Component testing for Mjölnir is ramping up, with a full-up test firing scheduled for next spring. Meanwhile, New Frontier’s hypersonic flight system one of 20 tech projects vying for prizes in the Army’s xTechPacific competition for cutting-edge technologies that range from jet guns to wall-building robots. Up to 10 projects could be selected to receive cash prizes and opportunities for follow-up grants.

Winners of the xTechPacific contest are due to be announced later this month, and Bruner said the recognition could accelerate New Frontier’s drive to get its Pathfinder off the ground.

“The program plan there is to start in earnest bending hardware for that,” he said. “It would be about two years to an integrated ground test, and then the start of the flight test campaign.”

New Frontier’s team doesn’t intend to stop there — but future development depends on future funding. “At about $15 million, we could fly that single-engine airplane,” Bruner said. “It would be north of 30 [million dollars] to fly the three-engine airplane that really has practical utility.”

The company aims to leverage several innovations that weren’t around when the DC-X flew. For example, the engine as well as the airframe would make use of 3D printing — a technology pioneered by Relativity Space, another aerospace startup with Seattle roots.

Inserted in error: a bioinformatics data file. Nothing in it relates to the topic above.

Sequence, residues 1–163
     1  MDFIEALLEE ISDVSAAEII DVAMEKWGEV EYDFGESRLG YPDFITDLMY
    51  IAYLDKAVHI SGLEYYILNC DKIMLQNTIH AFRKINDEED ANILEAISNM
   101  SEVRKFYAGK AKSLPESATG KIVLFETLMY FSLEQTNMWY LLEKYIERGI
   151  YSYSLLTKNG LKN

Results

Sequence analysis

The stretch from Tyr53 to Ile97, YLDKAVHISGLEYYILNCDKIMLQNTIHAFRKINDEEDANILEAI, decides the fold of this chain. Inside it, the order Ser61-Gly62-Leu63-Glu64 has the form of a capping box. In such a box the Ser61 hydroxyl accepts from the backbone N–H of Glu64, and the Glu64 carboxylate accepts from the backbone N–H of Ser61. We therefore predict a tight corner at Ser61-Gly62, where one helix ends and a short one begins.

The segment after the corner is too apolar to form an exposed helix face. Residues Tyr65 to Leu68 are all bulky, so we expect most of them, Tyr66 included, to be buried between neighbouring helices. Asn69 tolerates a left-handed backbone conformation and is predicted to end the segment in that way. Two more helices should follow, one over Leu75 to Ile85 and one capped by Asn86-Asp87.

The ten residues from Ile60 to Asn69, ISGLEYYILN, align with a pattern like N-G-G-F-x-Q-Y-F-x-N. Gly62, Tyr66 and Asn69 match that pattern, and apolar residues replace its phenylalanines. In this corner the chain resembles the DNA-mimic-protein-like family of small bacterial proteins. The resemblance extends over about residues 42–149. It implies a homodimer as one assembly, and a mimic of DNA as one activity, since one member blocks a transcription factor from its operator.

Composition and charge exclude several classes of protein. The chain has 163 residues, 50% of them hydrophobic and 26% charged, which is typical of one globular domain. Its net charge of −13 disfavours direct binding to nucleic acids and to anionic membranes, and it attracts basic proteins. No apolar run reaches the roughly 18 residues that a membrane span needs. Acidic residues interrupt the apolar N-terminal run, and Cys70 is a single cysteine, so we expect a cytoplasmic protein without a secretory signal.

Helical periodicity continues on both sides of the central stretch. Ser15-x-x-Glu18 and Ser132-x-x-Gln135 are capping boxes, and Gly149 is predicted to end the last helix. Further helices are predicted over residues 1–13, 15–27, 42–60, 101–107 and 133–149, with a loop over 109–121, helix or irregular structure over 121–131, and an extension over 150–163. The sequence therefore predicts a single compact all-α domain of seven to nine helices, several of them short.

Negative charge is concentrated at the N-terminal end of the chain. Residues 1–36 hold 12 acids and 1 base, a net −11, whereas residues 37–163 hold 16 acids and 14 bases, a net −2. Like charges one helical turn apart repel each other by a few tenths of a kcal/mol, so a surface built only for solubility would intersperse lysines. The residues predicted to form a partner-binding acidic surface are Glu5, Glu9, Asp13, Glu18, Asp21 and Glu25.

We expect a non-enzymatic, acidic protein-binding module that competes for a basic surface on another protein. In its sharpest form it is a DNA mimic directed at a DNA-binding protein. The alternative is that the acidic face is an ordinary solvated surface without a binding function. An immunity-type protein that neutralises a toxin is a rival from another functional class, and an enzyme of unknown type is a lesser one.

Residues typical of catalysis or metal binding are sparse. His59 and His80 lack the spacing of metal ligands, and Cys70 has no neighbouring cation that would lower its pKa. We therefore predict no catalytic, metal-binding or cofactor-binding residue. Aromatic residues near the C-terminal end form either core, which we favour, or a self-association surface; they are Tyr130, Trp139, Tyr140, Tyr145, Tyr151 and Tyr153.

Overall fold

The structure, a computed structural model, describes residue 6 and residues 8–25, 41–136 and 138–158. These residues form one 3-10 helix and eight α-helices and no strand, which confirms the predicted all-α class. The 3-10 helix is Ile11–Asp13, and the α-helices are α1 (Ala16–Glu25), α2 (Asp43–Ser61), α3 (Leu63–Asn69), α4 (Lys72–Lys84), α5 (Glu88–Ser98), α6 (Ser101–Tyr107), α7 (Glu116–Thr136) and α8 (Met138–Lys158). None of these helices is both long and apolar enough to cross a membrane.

Bruner said the engine is designed to run on renewable natural gas, which makes use of the smelly gases produced by decomposition at landfills and water treatment plants, or by defecation in livestock facilities. “Renewable liquid natural gas is net carbon-negative, because you’re removing the methane that would otherwise have been dumped into the atmosphere,” he explained.

New Frontier could also take advantage of the work that’s being done to foster the return of commercial supersonic flight — including Boom Supersonic’s development of a new faster-than-sound passenger jet and NASA’s efforts to turn down the volume on sonic booms.

If New Frontier’s vision becomes a reality, its hypersonic aircraft could be used not only for weapons systems and cargo delivery, but for intercontinental passenger travel as well. Bruner has already called dibs on his preferred term for what New Frontier plans to build. “Just like in the ’50s — when everybody said, ‘Well, that’s a jetliner’ — people will call these ‘rocketliners,’” he said. “And on the chance that that happens, I trademarked it.”

Does New Frontier have a realistic chance of opening up the rocketliner age? Bruner noted that one of his co-founders, Jess Sponable, was a program manager for the DC-X — and that David Gregory, New Frontier’s third co-founder, helped create Blue Origin’s BE-3 engine as well as Ursa Major’s Hadley engine.

“I would say our odds of success, if properly funded, are pretty darn near 100%,” Bruner said. “All they’ve got to do is replicate what they did before.”

Washington’s other xTech entrants

New Frontier Aerospace is one of eight Washington state ventures on the Army’s list of finalists in the xTechPacific competition. Other Washington finalists include:

Other finalists are headquartered in Alaska and Hawaii. Up to 10 projects will be selected to receive $25,000 cash prizes and the opportunity to seek small-business grants worth up to $1.9 million. Winners are to be announced Sept. 19.